About two years later, in August 2006, Smolar settled the matter of Hightower & Hightower v. Ivey, one of the cases identified in connection with the April 28, 2003 Purchase Agreement with USC. (Smolar Dep. 72:2-17.) Believing Stillwater's lien had priority under the Smolar-Stillwater Loan Agreement, Smolar paid the fees associated with Hightower to Stillwater. (Smolar Dep. 76:11-17; 114:16-18.) Believing it had a right to those fees pursuant to the Settlement Agreement, USC filed in this court a Motion to Enforce the Settlement Agreement (the "Motion to Enforce") (Doc. #11).*fn6 On March 6, 2007, USC filed a UCC Financing Statement against Smolar covering their interest in the Fees. (Def. Mem. Ex. F.) On March 8, 2007, USC filed a second lawsuit in this Court against Yehuda Smolar and Smolar P.C., and also named Stillwater, the Oxbridge Group, LLC, and Brian Spira as defendants (the "Second Action"). On June 29, 2007, after hearing oral argument, I re-opened*fn7 the instant matter and consolidated it with the Second Action. The Second Action was subsequently dismissed for lack of jurisdiction (Doc. #37).*fn8 The instant matter remained. On August 8, 2008, USC moved for summary judgment on the pending enforcement action (Doc. #48).
Smolar initially removed this case to federal court based on diversity jurisdiction. A court may retain jurisdiction over enforcement of a settlement agreement by incorporating the terms of the agreement into the order of dismissal. See Kokkonen v. Guardian Life Ins. Co. of Amer., 511 U.S. 375, 380-81 (1994); Halderman v. Pennhurst State Sch. and Hosp., 901 F.2d 311, 317 (3d Cir. 1990) (finding that district court had jurisdiction to enforce settlement agreement where the order of dismissal incorporated the terms of the agreement). Because the order of dismissal in this action incorporates the terms of the Settlement Agreement, this Court has jurisdiction over the instant enforcement action.
IV. Summary Judgment Standard
Summary judgment is appropriate "if the pleadings, the discovery and disclosure materials on file, and any affidavits show that there is no genuine issue as to any material fact and that the movant is entitled to judgment as a matter of law." Fed. R. Civ. P. 56(c); Kornegay v. Cottingham, 120 F.3d 392, 395 (3d Cir. 1997). A factual dispute is "genuine" if the evidence would permit a reasonable jury to find for the non-moving party. Anderson v. Liberty Lobby Inc., 477 U.S. 242, 248 (1986). The party moving for summary judgment bears the initial burden of demonstrating that there are no facts supporting the nonmoving party's legal position. Celotex Corp. v. Catrett, 477 U.S. 317, 323 (1986). Once the moving party carries this initial burden, the nonmoving party must set forth specific facts showing that there is a genuine issue for trial. Fed. R. Civ. P. 56(e); see also Matsushita Elec. Indus. Co., Ltd. v. Zenith Radio Corp., 475 U.S. 574, 587 (1986). The non-moving party "cannot rely merely upon bare assertions, conclusory allegations or suspicions to support its claim." Fireman's Ins. Co. v. DeFresne, 676 F.2d 965, 969 (3d Cir. 1982). Rather, the party opposing summary judgment must go beyond the pleadings and present evidence, through affidavits, depositions, or admissions on file, to show that there is a genuine issue for trial. Celotex, 477 U.S. at 324. The court must draw all reasonable inferences in the non-moving party's favor. Matsushita, 475 U.S. at 587.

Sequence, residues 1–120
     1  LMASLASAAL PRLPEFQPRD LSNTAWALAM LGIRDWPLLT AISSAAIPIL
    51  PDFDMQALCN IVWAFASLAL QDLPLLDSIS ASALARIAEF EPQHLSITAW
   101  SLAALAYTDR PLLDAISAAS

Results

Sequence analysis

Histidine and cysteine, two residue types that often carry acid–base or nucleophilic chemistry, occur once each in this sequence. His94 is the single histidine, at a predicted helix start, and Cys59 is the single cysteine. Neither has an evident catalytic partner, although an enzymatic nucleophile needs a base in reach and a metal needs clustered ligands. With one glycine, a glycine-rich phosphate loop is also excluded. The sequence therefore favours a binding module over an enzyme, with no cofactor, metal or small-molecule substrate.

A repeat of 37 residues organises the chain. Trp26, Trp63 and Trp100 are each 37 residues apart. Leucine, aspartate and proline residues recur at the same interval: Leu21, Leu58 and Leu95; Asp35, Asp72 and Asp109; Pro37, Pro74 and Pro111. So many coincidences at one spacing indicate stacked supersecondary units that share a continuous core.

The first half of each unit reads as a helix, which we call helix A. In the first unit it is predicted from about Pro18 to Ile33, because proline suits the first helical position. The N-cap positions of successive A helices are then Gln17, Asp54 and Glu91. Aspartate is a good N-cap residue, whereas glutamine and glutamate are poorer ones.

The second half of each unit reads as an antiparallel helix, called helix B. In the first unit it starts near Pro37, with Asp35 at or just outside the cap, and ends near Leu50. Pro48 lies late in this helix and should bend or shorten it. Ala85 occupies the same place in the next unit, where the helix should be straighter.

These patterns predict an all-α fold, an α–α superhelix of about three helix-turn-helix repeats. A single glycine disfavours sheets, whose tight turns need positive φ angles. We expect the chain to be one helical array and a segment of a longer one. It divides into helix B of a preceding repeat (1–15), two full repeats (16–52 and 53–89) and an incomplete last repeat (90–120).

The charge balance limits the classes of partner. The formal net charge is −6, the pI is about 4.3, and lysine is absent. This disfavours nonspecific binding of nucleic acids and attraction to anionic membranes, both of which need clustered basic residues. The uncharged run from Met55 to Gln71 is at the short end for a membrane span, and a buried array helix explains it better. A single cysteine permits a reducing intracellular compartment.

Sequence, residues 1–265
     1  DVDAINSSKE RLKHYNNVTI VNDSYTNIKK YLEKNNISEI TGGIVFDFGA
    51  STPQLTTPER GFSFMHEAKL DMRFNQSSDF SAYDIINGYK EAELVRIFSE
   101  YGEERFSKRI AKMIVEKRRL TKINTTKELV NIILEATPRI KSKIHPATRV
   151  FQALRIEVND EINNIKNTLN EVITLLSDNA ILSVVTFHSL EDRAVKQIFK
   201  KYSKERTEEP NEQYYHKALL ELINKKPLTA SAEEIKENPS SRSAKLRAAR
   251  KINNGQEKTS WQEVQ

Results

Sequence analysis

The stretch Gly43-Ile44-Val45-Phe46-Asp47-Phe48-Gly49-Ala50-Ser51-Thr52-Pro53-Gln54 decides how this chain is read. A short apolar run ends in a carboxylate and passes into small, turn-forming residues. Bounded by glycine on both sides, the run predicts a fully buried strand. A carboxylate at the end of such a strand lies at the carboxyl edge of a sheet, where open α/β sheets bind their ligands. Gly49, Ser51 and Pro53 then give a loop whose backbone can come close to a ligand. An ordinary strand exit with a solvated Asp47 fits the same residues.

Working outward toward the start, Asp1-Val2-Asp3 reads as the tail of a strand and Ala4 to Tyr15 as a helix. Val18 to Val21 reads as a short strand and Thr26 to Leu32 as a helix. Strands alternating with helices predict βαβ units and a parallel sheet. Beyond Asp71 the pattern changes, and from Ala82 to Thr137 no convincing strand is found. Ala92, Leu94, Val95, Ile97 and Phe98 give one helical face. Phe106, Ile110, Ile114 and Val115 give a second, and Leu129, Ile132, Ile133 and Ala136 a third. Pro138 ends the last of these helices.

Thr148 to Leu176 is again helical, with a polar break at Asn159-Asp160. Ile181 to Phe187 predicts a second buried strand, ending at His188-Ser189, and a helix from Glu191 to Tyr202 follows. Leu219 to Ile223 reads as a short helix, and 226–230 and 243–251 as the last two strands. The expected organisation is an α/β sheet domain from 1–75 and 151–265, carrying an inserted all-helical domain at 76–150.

A settlement agreement is a contract. Tedesco Mfg Co., Inc. v. Honeywell Intern., Inc., 127 Fed. Appx. 50, 52 (3d Cir. 2005); In re Columbia Gas System Inc., 50 F.3d 233, 241 (3d Cir. 1995)("Interpreting a Settlement Agreement presents a question of contract law."). Smolar does not dispute that the Settlement Agreement is a valid agreement (Def. Mem. 10), and there is no issue of fact with respect to the existence of a contract. USC claims that Smolar has breached the Settlement Agreement by (1) assigning USC's interest in the Fees to Stillwater, (2) failing to remit attorney's fees from the Named Claims to USC when received, and (3) failing to assign makeup fees to USC. In defense of the alleged breach, Smolar argues that USC gave its blessing to the Smolar-Stillwater Loan Agreement and, therefore, USC is estopped from alleging that Smolar has breached his obligations to USC in connection with the Smolar-Stillwater Loan Agreement. Smolar also asserts that Stillwater's perfecting of its lien ahead of USC has made performance under the Purchase Agreements impossible. Upon review of the record before me, I find that Smolar has breached the Settlement Agreement on both counts. However, in assessing damages, I find that there is a genuine issue of material fact as to what portion of Smolar's attorney's fees the parties intended USC to receive.
A. Breach of the Non-Assignment Clause
Pursuant to the Settlement Agreement, the Purchase Agreements remain in full force and effect and Smolar is specifically obligated to repay USC "in accordance with the terms, conditions, and other provisions of the Purchase Agreements." (Settlement Agr'm ¶ ¶ 3,9; Smolar Dep. 70:18-23.) Therefore, Smolar's obligations under the Settlement Agreement include the performance of Smolar's obligations under the Purchase Agreements. USC claims that Smolar has breached the Settlement Agreement by assigning interests in the Named Claims to Stillwater, in violation of the Purchase Agreements. (Pl.'s Mot. for Summ. J. at 3.)
The Purchase Agreements each contain a representation and warranty that: You [Smolar] have good and marketable title to the Fees and You have not, prior to the date hereof, sold, transferred, assigned and/or conveyed any interest in the Fees to any other person or entity, and You will not do so in the future. You understand that any violation of this representation will result in an act of fraud by You which could result in You being held liable for damages in favor of Us [USC], with money to be paid by You to Us. (emphasis added). (Purchase Agr'm 2.) In addition, the Purchase Agreements provide: